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Steven Holcomb DVU Student & Bronze Medalist in Bobsled Men’s 4 man

Congrats to Steven Holcomb, DVU student – Second medal in Bobsled!

By DeVry University

What a finish!  Another round of congratulations go out to Steven Holcomb for a bronze medal in Bobsled Men’s 4 man, adding to his win earlier this week at Bobsled Men’s 2 man. Holcomb is the first American pilot to win medals in both Olympic races in 62 years.

About Steven…

Olympian Steven Holcomb was always focused on becoming an athlete. As a teen, Holcomb was an avid alpine skier. Though he admits he was “better than most,” Holcomb didn’t feel that he had the potential to be the best in the sport. In 1998, several months after he graduated from high school, Holcomb decided to switch paths and tryout for the US National Bobsled team. He made the team, and within a year, Holcomb competed in his first World Cup event.

In 2002, following a smooth transition into the sport, Holcomb received devastating news; he was diagnosed with Keratoconus, a degenerative eye disease. The disease affected his career and personal life so severely that he considered retiring from bobsledding. “I went from having 20/20 to 20/500 vision in a matter of years,” Holcomb recounts. “I was basically driving the sled by feel – not by sight.”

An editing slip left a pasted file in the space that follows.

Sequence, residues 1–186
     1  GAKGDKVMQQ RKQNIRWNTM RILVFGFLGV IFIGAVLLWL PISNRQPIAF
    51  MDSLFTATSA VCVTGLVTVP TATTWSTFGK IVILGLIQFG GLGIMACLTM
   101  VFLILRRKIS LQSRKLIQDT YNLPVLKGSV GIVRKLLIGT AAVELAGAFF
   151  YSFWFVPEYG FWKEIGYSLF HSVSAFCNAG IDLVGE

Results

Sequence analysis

With no FDA-approved options available to treat Keratoconus, the U.S. Olympic Committee (USOC) and U.S. Bobsled and Skeleton Federation (USBSF) paid for Holcomb to undergo a non-FDA-approved eye procedure that had the potential to fully restore his eyesight. Holcomb took the risk and was cured of disease that had haunted him for years. Months later, Holcomb led the US bobsled team to the World Championship title. With this momentum, he and his team went on to take the gold medal at the 2010 Olympic Winter Games, the first time the US bobsled team had done so since 1948.

Today, Holcomb continues to compete full-time. He is also pursuing a bachelor’s degree in computer information systems at DeVry University. Holcomb offers this advice for other students who are trying to achieve their goals:  “I believe everyone has the ability to push stronger, higher and faster. If you believe in yourself, you can reach your goals.”

Click here to learn more about Steven, or send him your congratulations on Twitter @StevenHolcomb.


Photo credit: Adam Pretty/Getty Images Sports/Getty Images